ne student describes him as having a fantastic mind of information. Another describes his lectures as always engaging. He’s an international scholar with enough books in his office to cover any subject. He’s Richard Stamps, the soon-toretire associate professor of anthropology and archaeology. After Aug. 14, Oakland University students will no longer witness Stamps’ ability to take the art of lecture to another level. Stamps teaches a number of classes at OU, including Introduction to China, Introduction to Anthropology and Introduction to Archeology. “I am an anthropologist who studies humans, but I am also an archaeologist who studies how humans lived in the past,” Stamps said. He integrates his studies into his lectures and shares stories with his students about his prior and present experiences. Stamps started his undergraduate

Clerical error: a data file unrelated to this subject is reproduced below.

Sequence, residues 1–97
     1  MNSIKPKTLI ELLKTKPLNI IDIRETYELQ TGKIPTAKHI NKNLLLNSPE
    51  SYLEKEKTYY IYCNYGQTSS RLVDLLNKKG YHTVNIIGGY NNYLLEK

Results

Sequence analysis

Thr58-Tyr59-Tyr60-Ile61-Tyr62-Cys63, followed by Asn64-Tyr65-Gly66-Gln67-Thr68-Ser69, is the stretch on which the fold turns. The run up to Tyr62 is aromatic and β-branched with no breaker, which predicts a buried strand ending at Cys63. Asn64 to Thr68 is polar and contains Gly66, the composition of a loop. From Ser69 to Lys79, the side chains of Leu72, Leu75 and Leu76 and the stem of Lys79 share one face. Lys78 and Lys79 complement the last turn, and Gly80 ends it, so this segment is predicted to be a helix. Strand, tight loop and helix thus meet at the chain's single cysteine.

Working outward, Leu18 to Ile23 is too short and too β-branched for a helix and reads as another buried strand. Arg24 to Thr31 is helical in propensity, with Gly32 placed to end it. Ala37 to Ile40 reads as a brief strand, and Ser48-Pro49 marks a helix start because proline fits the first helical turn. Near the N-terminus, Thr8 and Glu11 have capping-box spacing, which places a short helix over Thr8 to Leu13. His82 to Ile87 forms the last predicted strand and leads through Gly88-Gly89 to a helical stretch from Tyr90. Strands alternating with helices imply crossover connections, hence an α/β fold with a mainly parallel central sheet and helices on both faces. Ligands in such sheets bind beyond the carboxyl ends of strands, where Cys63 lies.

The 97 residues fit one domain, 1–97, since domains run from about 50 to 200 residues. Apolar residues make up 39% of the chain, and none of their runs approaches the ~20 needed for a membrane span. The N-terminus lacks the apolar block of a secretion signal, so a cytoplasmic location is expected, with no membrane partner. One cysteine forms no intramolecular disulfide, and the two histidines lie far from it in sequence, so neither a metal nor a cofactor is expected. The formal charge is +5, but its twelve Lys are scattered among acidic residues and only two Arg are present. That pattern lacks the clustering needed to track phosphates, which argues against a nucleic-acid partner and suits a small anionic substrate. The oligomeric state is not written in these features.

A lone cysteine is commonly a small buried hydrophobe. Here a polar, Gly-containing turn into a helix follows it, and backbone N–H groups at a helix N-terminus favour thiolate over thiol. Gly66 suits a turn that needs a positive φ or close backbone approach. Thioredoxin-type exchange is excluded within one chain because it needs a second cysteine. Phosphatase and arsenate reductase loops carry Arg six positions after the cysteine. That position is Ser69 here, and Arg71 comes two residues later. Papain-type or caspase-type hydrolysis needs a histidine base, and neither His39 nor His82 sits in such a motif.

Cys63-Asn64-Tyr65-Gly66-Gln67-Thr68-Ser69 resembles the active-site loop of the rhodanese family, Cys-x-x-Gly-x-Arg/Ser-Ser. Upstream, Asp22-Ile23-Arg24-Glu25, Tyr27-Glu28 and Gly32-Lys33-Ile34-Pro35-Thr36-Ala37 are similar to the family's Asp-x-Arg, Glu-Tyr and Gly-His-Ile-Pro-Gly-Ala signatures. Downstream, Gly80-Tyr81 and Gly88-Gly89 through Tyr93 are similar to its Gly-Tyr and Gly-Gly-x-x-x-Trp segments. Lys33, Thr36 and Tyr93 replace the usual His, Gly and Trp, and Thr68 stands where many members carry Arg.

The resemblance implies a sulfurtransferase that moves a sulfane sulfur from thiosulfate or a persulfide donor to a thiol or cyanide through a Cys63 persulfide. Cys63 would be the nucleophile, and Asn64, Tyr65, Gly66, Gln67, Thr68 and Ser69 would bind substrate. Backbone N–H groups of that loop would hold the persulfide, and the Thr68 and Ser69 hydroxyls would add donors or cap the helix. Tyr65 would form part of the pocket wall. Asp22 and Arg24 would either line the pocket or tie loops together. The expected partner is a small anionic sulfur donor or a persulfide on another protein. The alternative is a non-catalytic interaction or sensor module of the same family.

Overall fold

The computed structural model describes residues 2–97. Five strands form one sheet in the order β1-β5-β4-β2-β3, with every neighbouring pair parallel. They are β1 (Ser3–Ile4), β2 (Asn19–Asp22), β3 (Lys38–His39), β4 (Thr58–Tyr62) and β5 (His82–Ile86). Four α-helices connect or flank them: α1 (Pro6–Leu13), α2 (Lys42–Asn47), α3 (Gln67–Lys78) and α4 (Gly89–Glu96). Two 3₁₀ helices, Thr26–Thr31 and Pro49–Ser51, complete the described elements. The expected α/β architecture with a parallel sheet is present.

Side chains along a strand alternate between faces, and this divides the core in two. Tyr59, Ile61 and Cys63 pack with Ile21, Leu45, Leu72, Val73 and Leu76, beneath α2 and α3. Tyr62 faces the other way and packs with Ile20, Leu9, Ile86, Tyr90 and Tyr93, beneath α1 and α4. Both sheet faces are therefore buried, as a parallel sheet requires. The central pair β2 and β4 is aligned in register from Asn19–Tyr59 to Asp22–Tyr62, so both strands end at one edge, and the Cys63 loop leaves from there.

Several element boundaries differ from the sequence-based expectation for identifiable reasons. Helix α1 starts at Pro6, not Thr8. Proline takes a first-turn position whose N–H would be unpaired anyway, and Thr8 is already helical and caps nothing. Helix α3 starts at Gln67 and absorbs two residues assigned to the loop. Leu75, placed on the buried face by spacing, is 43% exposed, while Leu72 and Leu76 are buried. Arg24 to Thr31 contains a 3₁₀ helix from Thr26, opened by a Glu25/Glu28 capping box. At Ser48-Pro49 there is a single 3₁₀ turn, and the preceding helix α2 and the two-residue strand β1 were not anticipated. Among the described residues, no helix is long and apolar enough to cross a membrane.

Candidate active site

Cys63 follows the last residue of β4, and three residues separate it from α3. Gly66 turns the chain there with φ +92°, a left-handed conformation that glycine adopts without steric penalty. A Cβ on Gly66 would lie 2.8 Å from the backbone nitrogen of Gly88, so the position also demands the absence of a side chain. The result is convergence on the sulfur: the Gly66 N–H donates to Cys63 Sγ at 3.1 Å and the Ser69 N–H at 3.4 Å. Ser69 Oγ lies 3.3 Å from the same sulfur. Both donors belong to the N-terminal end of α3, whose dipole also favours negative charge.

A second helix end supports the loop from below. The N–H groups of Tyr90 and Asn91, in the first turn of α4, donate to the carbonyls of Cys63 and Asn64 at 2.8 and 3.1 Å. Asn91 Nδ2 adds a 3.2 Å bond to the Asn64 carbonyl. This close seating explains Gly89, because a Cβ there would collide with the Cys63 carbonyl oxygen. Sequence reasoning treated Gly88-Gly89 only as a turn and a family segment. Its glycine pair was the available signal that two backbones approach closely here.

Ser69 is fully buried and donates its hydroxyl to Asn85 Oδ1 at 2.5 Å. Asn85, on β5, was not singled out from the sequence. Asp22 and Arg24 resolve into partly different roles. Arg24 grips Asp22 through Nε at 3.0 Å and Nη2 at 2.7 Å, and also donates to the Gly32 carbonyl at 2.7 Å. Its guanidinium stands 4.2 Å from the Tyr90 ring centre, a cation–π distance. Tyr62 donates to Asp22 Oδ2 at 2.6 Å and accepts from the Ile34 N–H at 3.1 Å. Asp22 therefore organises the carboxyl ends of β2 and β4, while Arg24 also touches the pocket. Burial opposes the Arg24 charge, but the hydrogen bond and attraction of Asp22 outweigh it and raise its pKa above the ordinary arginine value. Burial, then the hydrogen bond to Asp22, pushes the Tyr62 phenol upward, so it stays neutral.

education at a junior college in California and finished his bachelor’s and master’s degrees in anthropology and archaeology at Brigham Young University in Provo, Utah. Stamps grew up a Mormon Christian and when he turned 19, he traveled to Taiwan as a missionary. He stayed there for two and a half years and said he fell love with Chinese culture, architecture, the people and also learned to speak Chinese. He later received his Ph.D. in anthropology and archaeology from Michigan State University. Stamps was born in Oakland, Calif., and later moved to Oakdale, Calif., and then ended up working for OU. “I hope one day to buy an Oakland Car,” Stamps said. Stamps talks about a car created in the early 1900s by the Oakland Motor Car Company that was bought out by General Motors several years later. “I could drive my car in the Woodward Dream Cruise, which is in Oakland County,” Stamps said. Stamps went back to China while in graduate school, and stayed for eight months. His mission was digging for stones, bones and studying the ancient history of Taiwan. He has also participated in several digs around the U.S. and currently participates in local digs. Stamps serves on the Rochester Hills Historic District Commission, as